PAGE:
Poet David Baker’s new collection “Scavenger Loop” is forthcoming from W.W. Norton later this year. Daniel DeVaughn conducted this interview with Baker in mid-February.
Daniel DeVaughn: The new book is really fantastic. Could you talk a little about the genesis of these poems, especially the longer sequence that makes up section III, after which the book is titled?
David Baker: This book did not begin as a book. I don’t write that way. I don’t write poems thinking of a big final project. In fact, I tend to dislike “projects” as the word applies to artworks, though it’s certainly popular these days. It feels so clinical and calculated. Plus, of course, I like to change midstream and follow my work line by line. I am sure if I started a project, it would end up, if it ended anywhere, doing something entirely different from my projected aim. One of the dangers of a project is merely completing the task at hand, filling in the blanks to get to the place you knew, all along, you were headed. Projects seem suited to grants and governments.
So I write poems. The oldest poems—or oldest lines or pieces—in this book, Scavenger Loop, must be at least fifteen years old. Sometimes a piece doesn’t find its right context for a while, right? Most of this work was written from about 2008 into 2014, subsequent to my last book, Never-Ending Birds. I knew when I was writing some of the first poems here that they did not belong in Birds; that they were something else, for later. Then of course I just wrote, poem by poem. I did not know what the book would be for a long time—not until, really, “Scavenger Loop” (the sequence) began to take shape.
Of course I did know the new work was following some old trails. I write about the Midwest, the villages and farms and life here where I’ve lived nearly all my life. I did know the new poems were continuing to work through formal issues and curiosities—syllabics, stanzas, the relation of “poetic” form to syntax and selfhood and the identities of region and beyond. Some of the poems came out to be fairly semi-autobiographical, and some are historical characterizations, and some are bits and pieces of song and, well, whatever.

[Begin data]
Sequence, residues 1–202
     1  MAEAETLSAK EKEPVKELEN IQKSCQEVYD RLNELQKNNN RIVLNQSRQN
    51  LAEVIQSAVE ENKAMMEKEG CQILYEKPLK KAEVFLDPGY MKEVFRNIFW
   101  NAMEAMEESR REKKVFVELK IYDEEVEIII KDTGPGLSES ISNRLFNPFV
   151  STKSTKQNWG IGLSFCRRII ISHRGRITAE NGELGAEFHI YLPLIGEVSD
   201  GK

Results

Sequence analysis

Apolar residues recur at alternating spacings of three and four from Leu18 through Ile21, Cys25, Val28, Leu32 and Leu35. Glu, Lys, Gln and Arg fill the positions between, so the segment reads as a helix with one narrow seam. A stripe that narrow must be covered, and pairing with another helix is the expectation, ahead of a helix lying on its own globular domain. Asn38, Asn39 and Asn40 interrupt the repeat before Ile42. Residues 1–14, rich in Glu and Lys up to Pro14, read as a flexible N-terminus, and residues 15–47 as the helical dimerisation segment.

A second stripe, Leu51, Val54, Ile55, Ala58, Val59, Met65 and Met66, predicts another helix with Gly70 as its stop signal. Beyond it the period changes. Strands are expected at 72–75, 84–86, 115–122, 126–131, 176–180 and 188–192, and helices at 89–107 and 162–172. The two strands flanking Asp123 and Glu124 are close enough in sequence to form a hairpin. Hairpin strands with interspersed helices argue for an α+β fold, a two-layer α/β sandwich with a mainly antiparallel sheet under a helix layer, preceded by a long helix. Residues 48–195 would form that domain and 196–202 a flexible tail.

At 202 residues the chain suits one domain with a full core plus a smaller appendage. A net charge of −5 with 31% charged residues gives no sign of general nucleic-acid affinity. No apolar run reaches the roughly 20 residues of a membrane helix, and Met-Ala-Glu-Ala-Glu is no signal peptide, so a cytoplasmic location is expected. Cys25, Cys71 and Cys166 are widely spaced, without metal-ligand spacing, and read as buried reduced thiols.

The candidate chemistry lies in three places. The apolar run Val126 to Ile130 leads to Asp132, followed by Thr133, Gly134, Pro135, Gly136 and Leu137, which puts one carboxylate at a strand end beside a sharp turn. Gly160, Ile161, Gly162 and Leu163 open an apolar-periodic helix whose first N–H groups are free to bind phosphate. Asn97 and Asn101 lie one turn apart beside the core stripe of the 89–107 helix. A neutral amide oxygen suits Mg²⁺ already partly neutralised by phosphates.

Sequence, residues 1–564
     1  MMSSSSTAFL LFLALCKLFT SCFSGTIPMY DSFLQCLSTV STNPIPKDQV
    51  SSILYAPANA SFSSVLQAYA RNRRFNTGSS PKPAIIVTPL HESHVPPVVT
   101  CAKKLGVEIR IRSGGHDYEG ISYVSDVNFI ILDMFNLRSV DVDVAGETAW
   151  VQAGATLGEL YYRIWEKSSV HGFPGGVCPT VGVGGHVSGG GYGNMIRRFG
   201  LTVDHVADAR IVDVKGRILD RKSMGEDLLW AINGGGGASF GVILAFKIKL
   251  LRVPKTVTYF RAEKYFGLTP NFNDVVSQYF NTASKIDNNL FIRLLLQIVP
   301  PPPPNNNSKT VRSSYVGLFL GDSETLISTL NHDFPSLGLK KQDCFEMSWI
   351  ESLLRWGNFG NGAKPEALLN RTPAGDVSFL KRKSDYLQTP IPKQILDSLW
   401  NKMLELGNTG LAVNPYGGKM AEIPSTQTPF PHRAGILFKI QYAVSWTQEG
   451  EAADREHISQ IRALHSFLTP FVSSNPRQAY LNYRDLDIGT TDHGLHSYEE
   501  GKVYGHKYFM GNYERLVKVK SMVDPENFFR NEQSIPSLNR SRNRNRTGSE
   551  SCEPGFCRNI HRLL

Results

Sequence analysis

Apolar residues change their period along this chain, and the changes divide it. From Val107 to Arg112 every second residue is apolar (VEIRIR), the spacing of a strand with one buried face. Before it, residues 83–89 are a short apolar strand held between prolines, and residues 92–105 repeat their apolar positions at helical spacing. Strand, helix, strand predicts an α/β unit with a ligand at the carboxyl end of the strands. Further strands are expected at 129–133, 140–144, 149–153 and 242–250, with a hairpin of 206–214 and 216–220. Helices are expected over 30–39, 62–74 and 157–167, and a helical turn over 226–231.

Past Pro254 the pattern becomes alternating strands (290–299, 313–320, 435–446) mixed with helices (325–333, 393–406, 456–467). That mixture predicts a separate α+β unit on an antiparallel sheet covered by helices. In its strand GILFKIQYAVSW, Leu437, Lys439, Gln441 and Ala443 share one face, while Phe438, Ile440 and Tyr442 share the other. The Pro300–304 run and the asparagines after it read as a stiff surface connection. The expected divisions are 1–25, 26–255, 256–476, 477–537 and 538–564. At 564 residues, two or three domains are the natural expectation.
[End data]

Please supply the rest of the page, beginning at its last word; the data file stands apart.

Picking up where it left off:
Then the task is just to sit down on the floor with a lot of pages and start tossing them around, and tossing them out, to shape something large with a form and rhetorical destination or, maybe better, rhetorical/musical dynamic as a whole. Then came the sequence.
Daniel DeVaughn: Was “Scavenger Loop” a sequence from the beginning of its creation or did it become one in some other way? Do you set out to write sequences or do you find that certain poems simply fall together of their own accord, to say nothing of the “will” of a poem.
David Baker: I have wanted to write about Midwest farming for a long time. I mean, corporate farms and GMOs and the decay of farm villages and “development” (what a contradictory term) and exurbs and franchises. I wrote bits and pieces for a long time, and researched some of the big agri-business corporations, and gathered lots of stuff. If this sequence is anything, it is a scavenger’s gathering of stuff—found phrases, autobiographical images, information from unreliable places and reliable places, poems and Twitter and ads—and I wanted to confront them without prioritizing or judging them. Then of course the destination changed. I had a draft of a longish sequence about Monsanto and cornfields and villages, and then my mother fell ill—old age, heart trouble, more. I spent the last month of her life with her, in spring 2013, and began writing again, and looped some of that grief and experience into the sequence. I found myself, in other words, returning to the pastoral elegy. I’d had the pastoral part—the postmodern pasture of corporate farming—and then I needed to make room for the elegiac part. Perhaps this sequence becomes an elegy for my mother, but perhaps also it elegizes a way of life. It is not an elegy for nature or the world. The world will be fine, with or without us, or at least it will go on. The pasture will continue in some form or another. We may not.
Sometimes I do know, early on, that I’m writing a sequence. Sometimes a work or works seem to morph into that. I don’t want to know too much too early. Long poems turn short; short ones sometimes just keep going; one subject finds itself becoming another; one manner of line wants to be recast, reformed, reshaped. I try to take my time. I tell myself: There is no hurry.
I didn’t answer your question. “Scavenger Loop” was from the beginning made of pieces. I did not know it would be made of so many little pieces and fragments and scraps. I did not know it would be made of so many kinds of poetic style and form (though the decasyllabic line presides) nor that it would essentially be a journey—from my front yard in Ohio back across the Midwest to mid-Missouri and my parents’ yard and the hospital and graveside, then back to my backyard. Nor that it would include formulas and medical stuff and chemical information and prayers and children’s books. We go in search and we gather and we make. Or remake.
Daniel DeVaughn: “Fall Back”, “Belong To”, “The Windmill”, “Corner Window”, “As a Portent”, and “The Quiet Side Street”—all of these poems in Scavenger Loop employ an extremely spacious lineation while ignoring almost all convention of capitalization and punctuation. The subsequent effect is of a single long line woven of a sort of syntactical cross-stitch, so that the reader is free to take the whole or unweave that one long breath into smaller, discreet strands of sense. Was this particular style of lineation pre-determined or did it come about “post-hoc”? What is your desired effect?